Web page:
Most people have heard of anorexia and how those affected will restrict their food intake in order to achieve as low a weight as possible. Anorexia is an eating disorder that is well-known, but a new variation of this illness is causing concern for experts treating the problem. Anorexia athletica is a compulsive behaviour whereby those affected will exercise excessively in a bid to maintain a very low body weight. Although it has not yet been recognised as a mental health disorder, it is something that is affecting many people around the world.
Restricting calorie intake is a classic symptom of various eating disorders such as anorexia and bulimia. However, excessive exercising is also a symptom of these eating disorders, and as such, doctors are reluctant to classify anorexia athletica as a mental health disorder; because of this, many individuals are going undiagnosed.
Nevertheless, anorexia athletica is something that many are living with on a daily basis. Blogs and forums have been filled with people discussing their affliction and how they feel upset and anxious if they miss out on their daily workout.
While most would agree that exercising and keeping fit is a healthy activity, when done excessively, it can cause harm. Those who are exercising to extremes are often affected by infertility, restricted body development, heart problems, arthritis, anaemia, and memory problems.
An addiction to exercise can even be fatal in some instances. Those who suffer kidney or heart failure because of exercise addiction are obviously putting their lives at risk.
Natalie Lawrence is a mother of two who developed osteopenia because of her addiction to exercise. She began training for a triathlon and, at the time, was considered to be at a healthy weight for her height. Nonetheless, it was not long before she became obsessed with training and fitness, which was initially triggered by thinner members of the same gym.
She was soon getting up at 5am so that she could fit in a six-kilometre swim before attending another two three-hour training sessions. She would spend this time running, cycling or working out in the gym. She also stopped eating carbohydrates and would only ever eat half of the food on her plate. She would also make herself sick occasionally in order to keep her weight in check.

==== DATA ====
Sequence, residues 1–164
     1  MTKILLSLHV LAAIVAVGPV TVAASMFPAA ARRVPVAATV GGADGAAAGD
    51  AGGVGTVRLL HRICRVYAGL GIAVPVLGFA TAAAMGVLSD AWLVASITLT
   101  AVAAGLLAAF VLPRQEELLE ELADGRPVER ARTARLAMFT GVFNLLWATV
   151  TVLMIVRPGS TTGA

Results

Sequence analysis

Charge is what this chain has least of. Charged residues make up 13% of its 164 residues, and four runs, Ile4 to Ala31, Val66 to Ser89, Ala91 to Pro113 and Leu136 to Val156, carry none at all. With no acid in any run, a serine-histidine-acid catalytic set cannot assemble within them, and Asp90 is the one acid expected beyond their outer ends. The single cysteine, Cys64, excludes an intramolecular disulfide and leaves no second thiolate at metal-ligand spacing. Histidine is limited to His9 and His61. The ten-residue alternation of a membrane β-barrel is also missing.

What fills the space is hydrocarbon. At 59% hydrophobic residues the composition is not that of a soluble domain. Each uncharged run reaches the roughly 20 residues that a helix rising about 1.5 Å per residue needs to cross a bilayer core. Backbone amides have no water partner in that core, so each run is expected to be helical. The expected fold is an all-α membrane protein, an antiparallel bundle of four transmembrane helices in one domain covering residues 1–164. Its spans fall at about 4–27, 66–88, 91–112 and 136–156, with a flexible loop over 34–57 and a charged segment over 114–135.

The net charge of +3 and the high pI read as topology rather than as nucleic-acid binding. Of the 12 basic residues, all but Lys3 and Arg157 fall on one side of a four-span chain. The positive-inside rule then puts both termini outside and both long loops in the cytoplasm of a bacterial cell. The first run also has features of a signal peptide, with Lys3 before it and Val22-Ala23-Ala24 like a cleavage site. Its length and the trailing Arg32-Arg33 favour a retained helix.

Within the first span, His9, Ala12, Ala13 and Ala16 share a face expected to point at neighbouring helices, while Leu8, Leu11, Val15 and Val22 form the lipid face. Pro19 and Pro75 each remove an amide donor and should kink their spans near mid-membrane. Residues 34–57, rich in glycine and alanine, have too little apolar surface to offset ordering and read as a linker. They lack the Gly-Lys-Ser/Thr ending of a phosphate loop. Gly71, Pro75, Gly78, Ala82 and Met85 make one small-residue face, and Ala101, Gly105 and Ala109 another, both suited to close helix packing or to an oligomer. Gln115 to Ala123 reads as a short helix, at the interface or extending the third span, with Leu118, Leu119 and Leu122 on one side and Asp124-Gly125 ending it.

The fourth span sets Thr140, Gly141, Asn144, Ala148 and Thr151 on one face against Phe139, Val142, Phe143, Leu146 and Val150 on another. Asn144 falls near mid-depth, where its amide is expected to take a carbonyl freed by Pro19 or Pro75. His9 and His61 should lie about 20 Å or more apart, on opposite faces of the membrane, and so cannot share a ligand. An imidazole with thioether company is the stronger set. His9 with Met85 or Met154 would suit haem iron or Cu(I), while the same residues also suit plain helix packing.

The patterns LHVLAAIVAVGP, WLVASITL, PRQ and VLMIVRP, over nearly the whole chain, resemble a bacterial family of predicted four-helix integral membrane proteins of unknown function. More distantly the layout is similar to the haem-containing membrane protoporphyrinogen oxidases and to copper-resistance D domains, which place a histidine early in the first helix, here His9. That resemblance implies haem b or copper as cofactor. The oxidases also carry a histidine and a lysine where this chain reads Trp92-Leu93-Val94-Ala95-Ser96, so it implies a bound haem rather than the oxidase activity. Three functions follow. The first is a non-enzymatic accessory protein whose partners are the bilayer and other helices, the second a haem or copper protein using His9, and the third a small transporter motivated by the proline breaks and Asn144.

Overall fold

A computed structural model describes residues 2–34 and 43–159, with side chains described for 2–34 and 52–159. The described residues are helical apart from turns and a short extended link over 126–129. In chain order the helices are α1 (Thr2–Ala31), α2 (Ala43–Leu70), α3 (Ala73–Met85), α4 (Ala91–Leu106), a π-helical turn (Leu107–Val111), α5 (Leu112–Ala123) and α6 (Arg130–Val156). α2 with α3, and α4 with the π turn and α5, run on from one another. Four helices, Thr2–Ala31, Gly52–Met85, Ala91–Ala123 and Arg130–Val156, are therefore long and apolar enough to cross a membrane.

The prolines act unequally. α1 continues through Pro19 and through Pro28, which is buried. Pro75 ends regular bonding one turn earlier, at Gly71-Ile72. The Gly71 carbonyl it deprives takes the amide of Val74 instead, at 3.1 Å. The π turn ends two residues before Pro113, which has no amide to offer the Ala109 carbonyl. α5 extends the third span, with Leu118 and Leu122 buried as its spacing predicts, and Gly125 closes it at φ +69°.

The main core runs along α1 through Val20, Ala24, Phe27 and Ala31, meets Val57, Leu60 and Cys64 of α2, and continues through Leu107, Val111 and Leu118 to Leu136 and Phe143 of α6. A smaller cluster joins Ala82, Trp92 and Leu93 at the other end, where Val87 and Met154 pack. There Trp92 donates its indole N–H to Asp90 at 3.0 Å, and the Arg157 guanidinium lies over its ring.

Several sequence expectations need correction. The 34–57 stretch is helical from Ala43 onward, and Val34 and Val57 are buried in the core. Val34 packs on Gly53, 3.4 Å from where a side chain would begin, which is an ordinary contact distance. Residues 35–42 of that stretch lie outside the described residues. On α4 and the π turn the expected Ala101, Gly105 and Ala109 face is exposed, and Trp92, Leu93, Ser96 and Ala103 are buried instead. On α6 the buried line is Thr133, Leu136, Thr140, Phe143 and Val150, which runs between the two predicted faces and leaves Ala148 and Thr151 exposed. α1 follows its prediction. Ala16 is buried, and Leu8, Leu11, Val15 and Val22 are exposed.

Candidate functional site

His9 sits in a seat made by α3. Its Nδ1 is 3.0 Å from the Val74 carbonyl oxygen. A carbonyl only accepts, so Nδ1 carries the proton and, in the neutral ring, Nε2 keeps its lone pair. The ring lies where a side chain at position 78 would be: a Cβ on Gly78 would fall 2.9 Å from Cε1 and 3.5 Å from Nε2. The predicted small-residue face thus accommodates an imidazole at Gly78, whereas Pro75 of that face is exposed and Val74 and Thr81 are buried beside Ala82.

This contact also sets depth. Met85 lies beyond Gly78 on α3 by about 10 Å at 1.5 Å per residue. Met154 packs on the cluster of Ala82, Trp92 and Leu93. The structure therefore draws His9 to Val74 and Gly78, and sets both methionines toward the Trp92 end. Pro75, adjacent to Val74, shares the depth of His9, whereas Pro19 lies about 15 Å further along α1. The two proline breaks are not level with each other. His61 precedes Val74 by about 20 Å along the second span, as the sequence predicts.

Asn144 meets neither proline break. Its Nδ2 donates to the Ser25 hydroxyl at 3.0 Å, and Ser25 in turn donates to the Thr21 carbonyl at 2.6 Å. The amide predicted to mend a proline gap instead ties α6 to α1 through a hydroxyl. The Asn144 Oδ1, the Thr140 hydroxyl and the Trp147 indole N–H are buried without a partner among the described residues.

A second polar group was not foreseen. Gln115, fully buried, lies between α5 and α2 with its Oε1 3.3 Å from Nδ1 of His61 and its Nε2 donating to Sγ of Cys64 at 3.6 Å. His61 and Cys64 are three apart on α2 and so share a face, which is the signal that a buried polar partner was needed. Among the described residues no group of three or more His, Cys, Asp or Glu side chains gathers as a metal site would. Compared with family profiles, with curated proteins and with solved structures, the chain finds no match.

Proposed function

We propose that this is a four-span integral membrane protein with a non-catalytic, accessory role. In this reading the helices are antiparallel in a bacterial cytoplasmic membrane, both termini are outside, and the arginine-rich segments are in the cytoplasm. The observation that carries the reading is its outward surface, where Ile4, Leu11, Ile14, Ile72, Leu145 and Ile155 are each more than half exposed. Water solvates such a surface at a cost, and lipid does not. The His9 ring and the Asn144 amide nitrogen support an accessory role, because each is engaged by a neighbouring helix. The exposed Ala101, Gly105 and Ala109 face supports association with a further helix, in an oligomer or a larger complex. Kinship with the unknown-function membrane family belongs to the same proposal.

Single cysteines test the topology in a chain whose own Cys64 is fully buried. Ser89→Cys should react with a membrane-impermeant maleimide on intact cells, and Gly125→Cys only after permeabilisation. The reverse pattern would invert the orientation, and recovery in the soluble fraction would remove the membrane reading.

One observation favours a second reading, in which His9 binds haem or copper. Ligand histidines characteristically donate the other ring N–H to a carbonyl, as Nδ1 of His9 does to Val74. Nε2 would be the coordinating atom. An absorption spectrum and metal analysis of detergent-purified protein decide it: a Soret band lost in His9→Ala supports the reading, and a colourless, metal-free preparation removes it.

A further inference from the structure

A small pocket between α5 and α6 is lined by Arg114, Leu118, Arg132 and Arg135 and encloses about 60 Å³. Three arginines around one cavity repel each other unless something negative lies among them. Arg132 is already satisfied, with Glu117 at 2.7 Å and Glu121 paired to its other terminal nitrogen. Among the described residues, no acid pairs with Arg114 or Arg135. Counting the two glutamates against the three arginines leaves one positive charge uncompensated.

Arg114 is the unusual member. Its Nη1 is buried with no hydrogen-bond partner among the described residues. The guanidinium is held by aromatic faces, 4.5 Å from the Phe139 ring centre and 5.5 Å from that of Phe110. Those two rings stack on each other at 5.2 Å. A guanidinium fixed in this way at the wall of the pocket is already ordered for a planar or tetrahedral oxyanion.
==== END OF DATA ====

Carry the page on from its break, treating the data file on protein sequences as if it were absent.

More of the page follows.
Natalie said, “I’m a driven, competitive person. It was all or nothing for me. It became quite chronic quite quickly.”
She lost a lot of weight, and her health and wellbeing suffered as a result of her excessive exercising. Natalie said that she was falling asleep during lectures and her relationship with her long-term boyfriend ended. Although her family were shocked at the amount of weight she lost, they assumed this was just normal because of her training for triathlons.
Natalie’s obsession with exercising eventually came with a cost; she was diagnosed with osteopenia in her spine, which is a precursor to osteoporosis. Doctors blamed the fact that she had completely cut out dairy products for her condition.
This health warning was enough of a wake-up call to make her get her life back in check, but she is still concerned that she could fall back to her old ways once more. She said, “I don’t believe it ever fully leaves a person. It’s still there, but I am not going back to wanting to make myself ill. I don’t have the time to do that.”
According to a spokesperson for the eating disorder charity BEAT, there are similarities between anorexia nervosa and anorexia athletica. He said, “The function of this compulsive exercise is much the same as that of restriction of calories – a drive to control something which gives the illusion of control in other areas of life.”
There are concerns that social media could be behind the surge in conditions such as anorexia athletica. Dr Jill Owen is a psychologist specialising in sports psychology, and she believes that the popularity of gym selfies can result in some individuals striving to have the best body and taking extreme measures to get it.
Excessive exercise is something that many anorexics become obsessed with. Tina McGuff from Dundee is an example of how an eating disorder and excessive exercising can almost destroy a life. She became so obsessed with food restriction and exercising that she had to be taken to hospital and fed through a tube in order to keep her alive.
Tina’s condition was triggered when, at just fifteen years of age, someone made a comment about her body. She soon started to restrict her calorie intake, and like Natalie, she began exercising obsessively. She said, “I danced until my feet bled, I ran until I was sick, I swam until I fainted and had to be pulled out of a pool toilet by an attendant who had seen me lying on the floor.”
As her eating disorder coupled with anorexia athletica almost cost her life, she is now hoping to raise awareness of the condition through her autobiography Seconds to Snap.
Source: The rise of ‘anorexia athletica’: ‘I ran until I was sick and swam until I fainted’ (The Telegraph)
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